A Very Foutz Thanksgiving, 1949


Grandma Foutz, Thanksgiving, 1949

When I hatched the Campfire blog, I promised stories, and not info dumping. I suppose if you want to bone up on the family tree, with all its attendant foliage and bark and roots and soil and — yes, at times — rot, then Geni.com is the place to cruise profiles and get lost in a branch or a dozen. For my budding forest, there are more than 300 photographs, 100 or so documents and nearly 800 family members to pore over.

Here, I’d like to train a spotlight on some select tidbits. A foretaste of the feast, if you will.

Which brings us to an awfully big dining table. And all those Foutzes you heard of, but never really got a good look at, seated around it.

All in the Family

When I started digging into genealogy a couple summers ago, I had great info to go on when it came to my mom’s side of the family. I knew the Leys, at least, growing up. An uncle and five aunts and grandparents I was blessed to know into adulthood assured me of that, not to mention all those sprawling Thanksgiving get-togethers at 1 Parkview Drive.

But Dad’s side presented a lot of dead ends. I had heard of a few relatives by name, of course. Vance Cleveland Foutz, for whom I might have been named. (Cleveland Ohio, anyone? Combining the paternal great-grandfather’s middle name with that of the maternal Robert Ohio Weible.) And what kid of 8 could forget filling out a genealogy worksheet for school and having to squeeze in “Christina Laurina Katherina Zeigler” for the great-grandma married to Vance?

But that’s all they were, names. My dad being the youngest of three brothers — and his dad 3rd of 4, and his dad, in turn, 7th of 7 over a 20-year span — a lot of the mass family gatherings seemed to happen years before he was conscious of them. Relatives died out. Dad’s Grandma Foutz died when he was barely 4. His Grandpa Vance used to babysit him on football Friday nights when Grandpa and Grandma would watch his brothers down at the stadium. Or else drag Dad to a poker game with Vance’s constant buddy Jacob Lentz. But it wasn’t like they talked family history, and Vance passed away the summer Dad turned 16.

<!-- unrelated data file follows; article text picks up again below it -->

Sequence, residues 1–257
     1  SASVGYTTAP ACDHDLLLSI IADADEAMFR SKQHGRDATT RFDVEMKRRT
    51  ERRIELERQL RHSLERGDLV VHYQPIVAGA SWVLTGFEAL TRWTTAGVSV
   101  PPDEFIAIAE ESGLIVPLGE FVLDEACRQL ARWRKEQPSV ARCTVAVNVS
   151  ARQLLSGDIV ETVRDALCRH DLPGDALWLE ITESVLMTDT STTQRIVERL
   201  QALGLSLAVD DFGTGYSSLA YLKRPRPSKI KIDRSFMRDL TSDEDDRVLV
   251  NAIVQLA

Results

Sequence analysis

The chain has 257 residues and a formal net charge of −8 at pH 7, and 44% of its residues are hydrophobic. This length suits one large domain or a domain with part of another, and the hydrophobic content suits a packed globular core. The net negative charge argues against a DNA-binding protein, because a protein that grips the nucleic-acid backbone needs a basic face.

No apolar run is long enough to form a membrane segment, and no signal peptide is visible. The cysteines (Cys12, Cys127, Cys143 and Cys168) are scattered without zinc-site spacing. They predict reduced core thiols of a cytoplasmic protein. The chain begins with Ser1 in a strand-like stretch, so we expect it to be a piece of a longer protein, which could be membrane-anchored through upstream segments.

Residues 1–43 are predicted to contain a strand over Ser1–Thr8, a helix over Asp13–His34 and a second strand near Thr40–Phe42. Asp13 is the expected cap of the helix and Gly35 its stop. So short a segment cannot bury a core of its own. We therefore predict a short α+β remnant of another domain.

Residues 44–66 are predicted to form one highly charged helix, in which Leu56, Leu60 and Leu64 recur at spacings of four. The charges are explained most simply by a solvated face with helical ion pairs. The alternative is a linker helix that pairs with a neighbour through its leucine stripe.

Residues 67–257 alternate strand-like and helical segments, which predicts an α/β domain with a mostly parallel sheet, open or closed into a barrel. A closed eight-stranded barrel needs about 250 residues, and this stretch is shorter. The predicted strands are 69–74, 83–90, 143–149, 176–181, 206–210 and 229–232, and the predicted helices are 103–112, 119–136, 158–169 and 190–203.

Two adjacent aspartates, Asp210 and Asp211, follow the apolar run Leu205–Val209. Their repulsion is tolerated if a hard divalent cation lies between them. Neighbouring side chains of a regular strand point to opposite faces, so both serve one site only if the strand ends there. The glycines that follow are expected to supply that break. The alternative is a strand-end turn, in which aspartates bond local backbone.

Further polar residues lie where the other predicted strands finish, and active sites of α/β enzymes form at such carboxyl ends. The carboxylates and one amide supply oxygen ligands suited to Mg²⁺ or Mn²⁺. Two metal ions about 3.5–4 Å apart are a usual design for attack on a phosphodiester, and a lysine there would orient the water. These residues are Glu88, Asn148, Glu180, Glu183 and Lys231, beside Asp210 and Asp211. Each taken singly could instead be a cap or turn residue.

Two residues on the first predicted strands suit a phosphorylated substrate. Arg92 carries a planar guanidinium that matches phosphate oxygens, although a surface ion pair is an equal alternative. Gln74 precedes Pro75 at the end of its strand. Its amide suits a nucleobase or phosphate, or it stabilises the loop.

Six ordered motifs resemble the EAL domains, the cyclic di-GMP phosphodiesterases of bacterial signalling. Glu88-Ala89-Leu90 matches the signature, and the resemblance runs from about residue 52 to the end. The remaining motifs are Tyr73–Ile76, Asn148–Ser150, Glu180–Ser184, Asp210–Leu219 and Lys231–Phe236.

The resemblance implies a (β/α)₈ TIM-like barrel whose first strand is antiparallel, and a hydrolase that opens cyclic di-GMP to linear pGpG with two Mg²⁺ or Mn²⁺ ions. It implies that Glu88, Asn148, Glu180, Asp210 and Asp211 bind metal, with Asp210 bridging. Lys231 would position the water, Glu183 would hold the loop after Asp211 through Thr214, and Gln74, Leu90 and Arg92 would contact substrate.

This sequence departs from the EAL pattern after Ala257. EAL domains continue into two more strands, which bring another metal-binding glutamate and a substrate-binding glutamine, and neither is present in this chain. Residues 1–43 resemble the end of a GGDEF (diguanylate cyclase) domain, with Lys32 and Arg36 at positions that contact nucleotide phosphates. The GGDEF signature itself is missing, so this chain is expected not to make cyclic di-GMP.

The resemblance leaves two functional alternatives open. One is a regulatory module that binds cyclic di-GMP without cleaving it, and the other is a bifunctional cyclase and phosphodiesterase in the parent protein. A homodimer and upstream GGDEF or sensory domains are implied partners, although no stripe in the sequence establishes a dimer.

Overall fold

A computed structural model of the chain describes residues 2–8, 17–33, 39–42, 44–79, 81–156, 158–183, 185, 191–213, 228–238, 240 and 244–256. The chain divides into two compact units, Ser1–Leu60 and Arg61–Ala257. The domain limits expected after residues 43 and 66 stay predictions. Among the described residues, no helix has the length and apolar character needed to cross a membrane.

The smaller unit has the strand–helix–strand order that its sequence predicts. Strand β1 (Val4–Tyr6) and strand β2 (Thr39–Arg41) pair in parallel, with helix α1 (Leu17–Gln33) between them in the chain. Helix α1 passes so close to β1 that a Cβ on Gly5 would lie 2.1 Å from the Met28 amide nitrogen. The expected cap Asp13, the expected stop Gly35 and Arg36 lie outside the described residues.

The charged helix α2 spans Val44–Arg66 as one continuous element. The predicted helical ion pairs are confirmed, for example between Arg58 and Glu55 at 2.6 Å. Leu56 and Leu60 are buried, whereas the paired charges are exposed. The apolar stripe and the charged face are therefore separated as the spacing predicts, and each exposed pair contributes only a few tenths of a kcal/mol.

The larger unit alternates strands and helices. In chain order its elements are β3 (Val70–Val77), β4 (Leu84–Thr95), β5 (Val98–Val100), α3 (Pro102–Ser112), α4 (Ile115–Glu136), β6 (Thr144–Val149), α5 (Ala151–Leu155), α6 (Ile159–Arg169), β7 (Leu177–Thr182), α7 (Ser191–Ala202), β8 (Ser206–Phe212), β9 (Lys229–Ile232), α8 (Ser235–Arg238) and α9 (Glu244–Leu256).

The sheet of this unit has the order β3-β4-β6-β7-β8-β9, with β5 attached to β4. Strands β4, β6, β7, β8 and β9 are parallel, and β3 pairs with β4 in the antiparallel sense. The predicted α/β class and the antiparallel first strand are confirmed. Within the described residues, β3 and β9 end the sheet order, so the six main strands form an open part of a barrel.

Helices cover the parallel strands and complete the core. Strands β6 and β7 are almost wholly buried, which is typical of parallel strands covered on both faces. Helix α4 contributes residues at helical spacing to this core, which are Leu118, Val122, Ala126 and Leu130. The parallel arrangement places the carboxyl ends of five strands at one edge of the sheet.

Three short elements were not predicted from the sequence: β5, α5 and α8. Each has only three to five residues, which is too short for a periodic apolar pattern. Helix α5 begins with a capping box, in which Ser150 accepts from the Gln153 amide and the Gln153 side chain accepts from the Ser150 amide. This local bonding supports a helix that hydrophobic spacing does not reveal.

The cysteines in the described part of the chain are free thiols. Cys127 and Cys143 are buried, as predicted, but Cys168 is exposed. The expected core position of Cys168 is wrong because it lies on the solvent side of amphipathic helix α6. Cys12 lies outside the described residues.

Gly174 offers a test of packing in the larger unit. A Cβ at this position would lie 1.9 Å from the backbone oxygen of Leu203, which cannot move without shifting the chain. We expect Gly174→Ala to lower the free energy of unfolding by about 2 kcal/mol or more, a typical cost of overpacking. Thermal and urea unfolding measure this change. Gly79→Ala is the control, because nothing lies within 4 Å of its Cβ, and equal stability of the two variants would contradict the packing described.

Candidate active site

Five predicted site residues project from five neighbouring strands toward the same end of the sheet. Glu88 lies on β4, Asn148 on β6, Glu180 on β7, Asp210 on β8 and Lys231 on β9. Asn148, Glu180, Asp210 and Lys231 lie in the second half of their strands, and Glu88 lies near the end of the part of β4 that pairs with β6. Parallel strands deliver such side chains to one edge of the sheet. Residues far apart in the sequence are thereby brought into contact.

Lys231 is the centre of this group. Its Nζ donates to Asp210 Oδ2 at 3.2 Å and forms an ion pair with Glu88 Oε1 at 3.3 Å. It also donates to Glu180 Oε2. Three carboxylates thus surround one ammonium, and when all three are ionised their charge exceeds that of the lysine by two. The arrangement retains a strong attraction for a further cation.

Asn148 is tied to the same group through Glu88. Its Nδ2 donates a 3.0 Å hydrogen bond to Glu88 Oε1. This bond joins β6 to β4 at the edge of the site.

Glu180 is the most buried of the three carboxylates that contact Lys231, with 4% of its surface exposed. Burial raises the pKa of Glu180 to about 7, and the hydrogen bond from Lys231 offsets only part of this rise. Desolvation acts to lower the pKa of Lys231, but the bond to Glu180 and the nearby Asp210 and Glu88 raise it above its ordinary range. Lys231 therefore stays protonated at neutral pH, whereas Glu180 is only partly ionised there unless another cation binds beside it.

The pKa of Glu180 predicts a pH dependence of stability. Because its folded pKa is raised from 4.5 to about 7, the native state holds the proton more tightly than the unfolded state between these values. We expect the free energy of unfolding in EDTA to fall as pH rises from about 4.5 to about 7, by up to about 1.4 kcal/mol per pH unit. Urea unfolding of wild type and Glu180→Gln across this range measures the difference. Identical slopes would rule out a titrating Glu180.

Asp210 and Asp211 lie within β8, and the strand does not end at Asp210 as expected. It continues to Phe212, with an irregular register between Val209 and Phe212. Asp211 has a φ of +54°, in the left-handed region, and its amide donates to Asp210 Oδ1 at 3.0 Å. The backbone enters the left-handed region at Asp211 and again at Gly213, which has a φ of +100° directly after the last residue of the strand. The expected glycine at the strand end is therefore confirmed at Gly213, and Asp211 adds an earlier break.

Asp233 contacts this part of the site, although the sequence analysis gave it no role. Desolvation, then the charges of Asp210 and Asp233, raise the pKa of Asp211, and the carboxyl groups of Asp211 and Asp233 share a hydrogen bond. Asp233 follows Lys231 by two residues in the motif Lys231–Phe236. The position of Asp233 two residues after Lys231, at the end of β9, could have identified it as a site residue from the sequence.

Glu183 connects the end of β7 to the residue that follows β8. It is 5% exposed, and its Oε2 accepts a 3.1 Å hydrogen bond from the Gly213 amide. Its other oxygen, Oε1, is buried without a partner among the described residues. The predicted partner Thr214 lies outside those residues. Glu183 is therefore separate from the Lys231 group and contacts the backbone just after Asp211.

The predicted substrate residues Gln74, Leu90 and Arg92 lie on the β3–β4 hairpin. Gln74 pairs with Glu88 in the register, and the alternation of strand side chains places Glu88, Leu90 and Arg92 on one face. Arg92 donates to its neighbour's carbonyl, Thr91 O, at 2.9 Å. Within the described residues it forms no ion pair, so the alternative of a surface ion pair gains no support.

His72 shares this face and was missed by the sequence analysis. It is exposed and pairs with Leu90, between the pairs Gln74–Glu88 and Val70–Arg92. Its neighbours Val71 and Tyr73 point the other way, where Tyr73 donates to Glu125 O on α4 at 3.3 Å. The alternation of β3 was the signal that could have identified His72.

My Grandpa Foutz died of lung cancer when I was 4. Of his two brothers, one was dead when my dad was just a baby; the other lived down in Florida and died long before I was born. His little sister, Doris, lived in Pennsylvania with her family. I remember visiting them just once, and going deep into the mountain where my great uncle Wayne worked for the Social Security Administration. I remember they had a trashcan or something that looked like a life-size replica of R2D2. Perhaps needless to say, at that age I didn’t quiz them much on family history, either.

Turns out, Foutz history was something Doris and my Grandma Erma puzzled over for years. Letters between the two share the questions — and few answers — they dug up. Grandma had names — including my great-great grandparents Jonathan and Rebecca, and even great-great-greats Gideon and Delilah — but not a lot more.

It seems the generation that followed knew even less. At least, nothing that was spoken of where I could pick it up.

So it’s been gratifying to nail down Foutz genealogy and history in particular. And having done that, to comb through what Grandma and earlier Foutzes held on to to put faces and further details with the names and dates and locations I uncovered.

A party on Front Street

I love candid shots. Granted, when it comes to ancient ancestors like Gideon and Jonathan Foutz, or the Caldwells, the Crambletts, what-have-you, I’d take studio shots, sculptures, caricatures, napkin sketches — whatever’s available. But finding a nice series from an occasion that happens to include several relatives I’d never laid eyes on before? Ring the buzzers, daddio, ’cause that’s the jackpot.

Well, someone was minding the shutter well November 24, 1949. Photos from Thanksgiving catch several relatives in the act of chowing down and/or hamming (or turkeying) it up:

Great-grandma Laura Foutz, Grandpa Don Foutz, Grandma Erma Foutz, Great Uncle Roy Foutz, Great Aunt Louise Foutz (wife of Carl), Uncle Bob Foutz and first cousins (once removed) Donna (daughter of Carl) and Suzanne (daughter of Roy) Foutz.

Erma, Laura, Roy, Bob

Erma, Roy, Louise, Laura

Great candid of Great-Grandma Laura...

... which Grandpa Foutz and Great Uncle Roy then reprise.

Inscriptions on the photos indicate the gathering took place on Front Street. This could be in the bungalow behind 289 Front Street, which Vance and Laura sold to Grandpa and Grandma in 1947, and which is where they lived until moving around the corner to Cross Street a few years after my dad was born. Or, it could have been in the house at 289 proper, assuming Vance and Laura had moved from their home at 515 Race Street (along Sixth Avenue east of Wooster) where Grandpa Foutz lived during high school, and at which another set of photos is staged eight years earlier, in 1941.

See Geni.com for these and other pics of relatives not all that long ago. Doesn’t it look as if you could just ring the bell, grab a napkin and just settle down to eat?

Because the thing about candids is that some folks manage to duck the lens, I’ll include this great staged shot of the entire Vance Foutz family. Not sure of the date on it, but I’d guess sometime in the late 1930s/early 1940s.

Vance, Don, Doris, Laura, Carl, Roy

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Categories: Foutz, quickie post | Tags: , , , , , , , | 2 Comments

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2 thoughts on “A Very Foutz Thanksgiving, 1949

  1. Pingback: It’s The Great Pumpkin, Foutz Family « Whispering Across the Campfire

  2. Whitney Foutz

    I love Uncle Roy’s tie! And of course my dad (Bob) reaching for the food…

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